The Gassy Gnoll: Maps by Another Name (RPG Blog Carnival – RPG Cartography)

This week the Gassy Gnoll decided he’d talk about maps. But probably not in the way you’re thinking about them.

When Dyson Logos kicked off the April RPG Blog Carnival on his blog, A Character For Every Game, he mentioned his view of cartography. He speaks of the maps that have provided inspiration and dread for gamers since the dawn of Dungeons & Dragons and probably before. These are the maps, whether black & white or color, whether measured in squares of hexes, big or small, permanent or temporary, that have formed one of the boundaries of the shared storytelling that is tabletop roleplaying. And I love those maps.

But there are other maps. Maps of the corridors of the mind, of how plots and campaigns are defined, of the indefinable way we see the connections between PCs and NPCs, events, prophecies, and goals. These are much less codified. There is no compass rose to guide our way. And yet these unique impressions, whether created by gamemasters or players, whether written down or committed to memory, are another way to measure the length and breadth of an imagined world.

Some gamers use Mind Maps to define more concretely how ideas become realized in a world. I’ve not tried this, but I suspect I could draw out a mind map with my most recent character in the center and start mapping connections to NPCs, PCs, places, and events from the start of the campaign to where we stopped. And though there might be similarities, if other players or the GM tried the same exercise they might end up with very different results.

As a writer or GM, when I start a new project or get stuck in one I’m working on I’ll often use mind mapping tools to help me define whatever amorphous idea it is I’m working with. Pick a few words to describe what it is, break those words down into other words or impressions, and keep moving until you find a concrete angle with which to work. Sometimes you’ll end up down dead ends, but more often than not your brain will provide new relationships that you hadn’t considered before.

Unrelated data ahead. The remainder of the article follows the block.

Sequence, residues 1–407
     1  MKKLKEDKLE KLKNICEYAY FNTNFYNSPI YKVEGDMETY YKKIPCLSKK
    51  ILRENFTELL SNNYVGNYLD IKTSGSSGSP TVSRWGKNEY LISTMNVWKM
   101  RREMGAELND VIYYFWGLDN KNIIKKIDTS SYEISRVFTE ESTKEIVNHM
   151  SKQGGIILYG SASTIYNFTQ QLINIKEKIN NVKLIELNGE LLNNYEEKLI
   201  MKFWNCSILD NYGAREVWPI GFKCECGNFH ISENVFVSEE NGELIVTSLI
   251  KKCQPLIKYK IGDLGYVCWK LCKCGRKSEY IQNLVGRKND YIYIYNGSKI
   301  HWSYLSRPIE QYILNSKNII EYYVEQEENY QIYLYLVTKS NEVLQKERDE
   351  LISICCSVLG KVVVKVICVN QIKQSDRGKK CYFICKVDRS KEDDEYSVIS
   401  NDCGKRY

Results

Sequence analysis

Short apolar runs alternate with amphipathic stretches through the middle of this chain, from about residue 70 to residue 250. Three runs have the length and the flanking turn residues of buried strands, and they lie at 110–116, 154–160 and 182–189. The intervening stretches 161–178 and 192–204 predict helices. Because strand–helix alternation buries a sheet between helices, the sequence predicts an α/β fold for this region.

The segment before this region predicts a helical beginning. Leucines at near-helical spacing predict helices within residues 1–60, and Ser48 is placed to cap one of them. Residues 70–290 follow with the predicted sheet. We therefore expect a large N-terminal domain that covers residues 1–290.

Basic Mind Mapping Process

  1. Find a blank piece of paper.
  2. In the middle write your main idea – the crux of the problem you’re trying to solve. Circle it.
  3. A little further out from your center circle, write a theme or secondary thought about the main idea. Circle it. Draw a line from the center circle to the new circle. Do this two to five times.
  4. Now take each one of those secondary ideas and repeat step 3, using one of the secondary circles as the center. Lather, rinse, repeat.

Some things to keep in mind during the exercise:

  • Mind map of the mind map guidlines.

    Image via Wikipedia

    Don’t worry if it looks like a huge mess. You’re not going for neatness here, you’re brainstorming for ideas.

  • Turn off the art critic part of your brain. Nobody cares if you’re drawing stick figures.
  • Don’t worry if some of the ideas seem silly or “dumb.” Everything is on the table. When your’re done you can discard anything you think sucks.
  • If you get stuck, focus a single word and brainstorm off that one word, using that as a central idea and spiraling out.
  • If things get too messy and you end up with some good things you want to explore, get out a new piece of paper and repeat the process with a new idea as the central circle.

Don’t stop with your mind map. Take any good ideas you got from it and write them down on another sheet of paper. If you can write more on those, then you’re on your way. If not, repeat the mind map exercise with any other good ideas until you end up with something concrete you can work on.

Simple outlines are another way to map out a concept from general headings to more specific ones. Take that mind map you just threw together and organize it to find a simple hierarchy and do some free writing on each topic. Who knows what might come up if you start writing about frazzled goblins from the underground city of pent?

(Looking for a good free tool for mind mapping on the computer? Check out FreeMind at!)

Final Thoughts

Maps of places are great. But they’re only part of the equation. Make sure you consider the other parts as well. A brilliant dungeon in the middle of nowhere does nobody any good unless your party can get there and has a reason to stay!

That said, I’m looking forward to seeing what folks come up with for actual cartography. I love maps!

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